I am currently reading the collected stories of H.P.Lovecraft. They are wonderfully imagined tales of cosmic horror ripping through the thin veil of reality. When one goes beyond the entertainment however, I feel a certain sadness that the stories reveal a kind of existential horror of the material world on the part of the author – the descriptions of slimy-orificed creatures replete with Freudian suggestion. There is also a kind of anti-Platonist motif in Lovecraft’s work with the universe of Cthulu falling as a dark shadow on the mundane world. The protagonists of Lovecraft’s stories often appear rendered spiritually helpless by their own materialism. In contrast Abdu’l-Bahá teaches that we have both a lower self and a higher self capable of reflecting the light of God. We are in this wonderful material world but not limited to it.
In man there are two natures; his spiritual or higher nature and his material or lower nature. In one he approaches God, in the other he lives for the world alone. Signs of both these natures are to be found in men.
I find Plotinus’ writings on the nature of God and the universe to be most intriguing. He taught that the universe emanated from a transcendent God (the One) unaffected or undiminished by Creation. Plotinus used the analogy of the rays of the sun or a reflection in a mirror to describe this relationship.
This Neo-Platonist concept of the universe emanating from God is reminiscent of the contemporary scientific theory of the ‘Big Bang’ with the universe exploding outwards from a single point. Where Plotinus differs is that current scientific theory suggests creation ex nihilo- a point of view that Plotinus disagreed with.
It is striking that ‘Abdu’l-Bahá uses similar Neo-Platonist arguments and imagery in ‘Some Answered Questions’ saying that
..there is the world of God, the world of the Kingdom, and the world of Creation: three things. The first emanation from God is the bounty of the Kingdom, which emanates and is reflected in the reality of the creatures, like the light which emanates from the sun..
Not surprisingly experts have questioned the legality of the recent judgement against innocent members of the Baha’i Faith in Iran.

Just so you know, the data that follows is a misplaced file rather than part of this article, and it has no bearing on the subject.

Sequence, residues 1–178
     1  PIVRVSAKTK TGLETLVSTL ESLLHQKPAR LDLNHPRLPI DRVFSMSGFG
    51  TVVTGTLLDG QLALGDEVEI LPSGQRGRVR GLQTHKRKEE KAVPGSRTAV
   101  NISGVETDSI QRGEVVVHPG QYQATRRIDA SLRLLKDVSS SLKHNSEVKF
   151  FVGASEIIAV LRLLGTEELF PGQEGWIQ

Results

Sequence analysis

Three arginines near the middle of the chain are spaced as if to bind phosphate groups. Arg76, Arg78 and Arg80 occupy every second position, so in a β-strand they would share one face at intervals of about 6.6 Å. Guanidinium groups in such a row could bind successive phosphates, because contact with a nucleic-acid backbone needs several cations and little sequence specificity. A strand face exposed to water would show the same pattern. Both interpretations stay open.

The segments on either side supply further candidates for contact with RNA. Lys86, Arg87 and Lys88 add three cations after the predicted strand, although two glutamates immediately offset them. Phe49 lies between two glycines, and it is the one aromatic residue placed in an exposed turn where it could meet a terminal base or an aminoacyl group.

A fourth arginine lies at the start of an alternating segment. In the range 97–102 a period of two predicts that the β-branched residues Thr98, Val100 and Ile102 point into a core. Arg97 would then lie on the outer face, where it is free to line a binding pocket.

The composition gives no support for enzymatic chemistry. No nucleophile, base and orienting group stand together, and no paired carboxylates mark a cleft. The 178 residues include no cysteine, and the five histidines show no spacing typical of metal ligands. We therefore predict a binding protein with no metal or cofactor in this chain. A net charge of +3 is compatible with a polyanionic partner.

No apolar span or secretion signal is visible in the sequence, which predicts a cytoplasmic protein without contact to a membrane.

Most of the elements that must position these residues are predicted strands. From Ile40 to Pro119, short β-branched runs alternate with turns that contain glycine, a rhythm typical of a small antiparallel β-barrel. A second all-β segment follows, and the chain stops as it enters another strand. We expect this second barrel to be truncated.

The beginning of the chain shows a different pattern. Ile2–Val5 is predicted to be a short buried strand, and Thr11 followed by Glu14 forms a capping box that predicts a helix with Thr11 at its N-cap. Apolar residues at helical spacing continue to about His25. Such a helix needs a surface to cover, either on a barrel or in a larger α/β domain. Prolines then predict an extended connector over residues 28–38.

On 8 August it was reported that seven Iranian citizens – Fariba Kamalabadi, Jamaloddin Khanjani, Afif Naeimi, Saeid Rezaie, Behrouz Tavakkoli, Vahid Tizfahm and Mahvash Sabet – had been sentenced to 20 years in prison. These sentences have since been reduced to 10 years. The seven previously constituted the informal leadership of the Bahá’í faith in Iran and their case has attracted international attention. We write to express our serious concerns about questions of due process that have arisen since their arrest in 2008 and throughout their detention, trial and sentencing.
We understand that the seven were detained without a writ being addressed to them. They were then held in solitary confinement for between 105 and 175 days. These prolonged detentions, prior to any trial, are unacceptable by any standard of due process. At the trial the charges included “spreading corruption on earth”, “propaganda against the Islamic order”, and “espionage, co-operation with Israel”. We understand no evidence was produced to support these charges, and that no written verdicts have been delivered. The seven are reported to have had one hour of time with their legal representatives. The charges and the sentences appear to be motivated solely by the fact that they are members of the Bahá’í faith. We urge the authorities to respect Iran’s obligations under international law and, moreover, that Iran conducts the subsequent appeal of the seven in accordance with these obligations as well as its own laws.
Rosalyn Higgins QC Former international judge
Linda Lee President, Law Society
Mark Muller QC Chairman, Bar human rights committee
The founder of the Unitarian Church in Transylvania Ferenc Dávid (1510 – 15 November 1579) is quoted as saying
There is no greater mindlessness and absurdity than to force conscience and the spirit with external power, when only their creator has authority for them.
These words seem particularly apt when applied to the situation of the Baha’is in Iran who are being cruelly persecuted for their beliefs. What is the point in using physical power to force outward conformity when ultimately it is a spiritual matter between an individual’s conscience and God?